On May 29, Egypt’s Supreme Administrative Court ruled in a case that was already on appeal, in which two Coptic men who had been granted civil divorces sued for the right to remarry in the Church. A lower court had ruled against the Church. The Court this time ruled that since the Egyptian Constitution granted citizens the right to remarriage and a family, the Church must comply. So a classic Church-state conflict was inevitable.

The Church and its bishops opposed the ruling and Pope Shenouda carefully rejected it, noting that the Church respects the Constitution and laws of Egypt but that marriage is a sacrament instituted by the gospels and the Church could not compromise.

An emergency meeting of the Holy Synod (which normally meets only once a year) was called;

Pope Shenouda was soon, reportedly, promised a Presidential decree to rectify the situation. Then it was announced that a draft law would be prepared to fix the issue within 30 days, though the commission to do so is already under fire for not inviting the Catholics and Anglicans.

The government is very sensitive about international criticism of the rights of Christians in Egypt; it got lots of negative press during the Nag Hammadi killings in January. So the court has created an issue the government wishes very much would go away, as the promises first of a Presidential decree and then of a draft law demonstrate.

More as appropriate as this makes its way through legislation.


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Egypt’s Two October 6 Anniversaries

October 6th, 2009 Comments off

October 6 is Egyptian Military Day, the day Egypt commemorates “the crossing” (al-‘ubur) — the surprise attack across the Suez Canal on October 6, 1973 that began the 1973 war and was seen by Egyptians and other Arabs as the redemption for the humiliating losses of 1967.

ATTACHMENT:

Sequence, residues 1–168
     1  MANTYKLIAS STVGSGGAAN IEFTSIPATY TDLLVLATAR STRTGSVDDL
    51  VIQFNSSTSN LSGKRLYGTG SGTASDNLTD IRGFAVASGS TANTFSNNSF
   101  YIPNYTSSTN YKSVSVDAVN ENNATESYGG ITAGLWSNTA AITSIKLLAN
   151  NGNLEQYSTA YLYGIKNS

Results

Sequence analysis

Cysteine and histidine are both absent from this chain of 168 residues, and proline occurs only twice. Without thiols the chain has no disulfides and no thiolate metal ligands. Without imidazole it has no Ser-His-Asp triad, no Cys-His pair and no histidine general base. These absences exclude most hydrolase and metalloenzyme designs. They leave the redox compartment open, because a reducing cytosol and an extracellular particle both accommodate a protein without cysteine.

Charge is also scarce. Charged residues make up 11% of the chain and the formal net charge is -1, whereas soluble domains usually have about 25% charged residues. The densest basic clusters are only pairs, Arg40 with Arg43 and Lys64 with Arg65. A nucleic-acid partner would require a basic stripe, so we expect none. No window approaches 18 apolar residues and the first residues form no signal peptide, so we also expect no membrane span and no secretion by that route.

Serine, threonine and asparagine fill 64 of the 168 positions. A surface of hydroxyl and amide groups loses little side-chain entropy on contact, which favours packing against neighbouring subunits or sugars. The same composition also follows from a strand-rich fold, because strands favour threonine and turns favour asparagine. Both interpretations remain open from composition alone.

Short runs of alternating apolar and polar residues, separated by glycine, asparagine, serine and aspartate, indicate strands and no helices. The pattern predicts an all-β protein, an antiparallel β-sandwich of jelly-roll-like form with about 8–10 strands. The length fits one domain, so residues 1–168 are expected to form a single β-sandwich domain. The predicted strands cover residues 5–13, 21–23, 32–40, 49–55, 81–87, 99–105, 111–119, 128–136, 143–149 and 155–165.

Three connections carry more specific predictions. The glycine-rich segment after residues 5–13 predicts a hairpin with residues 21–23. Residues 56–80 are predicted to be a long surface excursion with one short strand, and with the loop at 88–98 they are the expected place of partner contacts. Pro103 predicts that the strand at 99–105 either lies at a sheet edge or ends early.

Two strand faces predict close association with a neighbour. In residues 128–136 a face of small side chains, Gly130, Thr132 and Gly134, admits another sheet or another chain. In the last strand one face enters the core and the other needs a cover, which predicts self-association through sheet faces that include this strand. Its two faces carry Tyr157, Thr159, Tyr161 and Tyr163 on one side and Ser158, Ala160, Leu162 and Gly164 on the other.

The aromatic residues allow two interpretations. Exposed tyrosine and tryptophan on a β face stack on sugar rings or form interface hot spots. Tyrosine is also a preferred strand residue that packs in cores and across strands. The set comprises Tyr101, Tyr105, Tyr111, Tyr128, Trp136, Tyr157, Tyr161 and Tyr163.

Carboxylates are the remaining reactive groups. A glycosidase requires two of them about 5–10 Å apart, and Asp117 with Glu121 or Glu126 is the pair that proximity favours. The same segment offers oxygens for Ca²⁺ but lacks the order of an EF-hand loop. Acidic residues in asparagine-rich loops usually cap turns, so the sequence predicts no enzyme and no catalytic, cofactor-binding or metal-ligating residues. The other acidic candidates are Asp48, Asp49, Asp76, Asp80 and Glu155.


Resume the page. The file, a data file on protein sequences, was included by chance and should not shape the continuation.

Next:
But it is also another anniversary, for it was at the Military Parade on October 6, 1981 that President Anwar Sadat was assassinated. So on the one hand, October 6 marks what most Egyptians consider a victory (though outsiders may disagree), and on the other, the assassination of a President, though attitudes towards Sadat have long been somewhat mixed in Egypt. So it’s a double anniversary. (I also met my wife at an Egyptian Military Day reception in Washington, but that’s a whole other story.)

It is true of course that in the 1973 war, Israel was able to recover from the initial blow and strike westward across the canal, creating the Deversoir Salient, cutting off one of Egypt’s two Field Armies from Cairo. (There’s an Egyptian saying: Bonjour, al-‘ubur; bonsoir, Deversoir). But the psychological impact of the surprise of October 6 remains one of the great moments for many Egyptians of a certain age; and in fact it brought Henry Kissinger’s shuttle diplomacy into play, leading ultimately to the reopening of the Suez Canal and the first Israeli withdrawals. It also made Sadat’s 1977 opening to Israel possible.

For a while in the 1980s the coincidence of the two anniversaries was a bit awkward, since Egyptian embassies abroad were throwing parties for Military Day on the anniversary of Sadat’s then-still-recent assassination. But as fewer people remember what parade it was Sadat was attending when he was killed, the awkwardness has faded.


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"A free Alawite state might even be a natural ally of Israel for the same reasons the Middle East’s Christians and Kurds tend to be"

August 31st, 2009 Comments off

From the ‘never-failing-to-be-idiotic’ Michael Totten in Commentary, here

” … I don’t know for sure whether Syria’s Sunni Arabs — who make up around 70 percent of the population — would actually accuse Assad of treason and seriously threaten to remove him from power if he signed a peace treaty. But that’s how many Alawites see it. As “infidels” they don’t feel they have the legitimacy to force Sunni Arabs to make peace with Israel. That is a risky business even for Sunni Arab leaders, as the assassination of Egypt’s Anwar Sadat shows.

Most of Syria’s Alawites live along the Mediterranean coast, away from the Sunni heartland. They could, at least theoretically, be separated from Syria into their own Alawite nation. The Middle East would probably be a safer place if they were. They did have their own semiautonomous government under the French Mandate between 1930 and 1937, and again from 1939 to 1944, but their Latakia region has been a part of Syria ever since.

Such a nation almost certainly would make peace with Israel, at least eventually, if it wasn’t ruled by Assad and his thuggish clan. Arab nationalism would lose its appeal among a people that would no longer need to demonstrate belonging to an ethnic majority to make up for its status as a religious minority. The strident anti-Zionism of the Sunni “street” could likewise ease. A free Alawite state might even be a natural ally of Israel for the same reasons the Middle East’s Christians and Kurds tend to be.”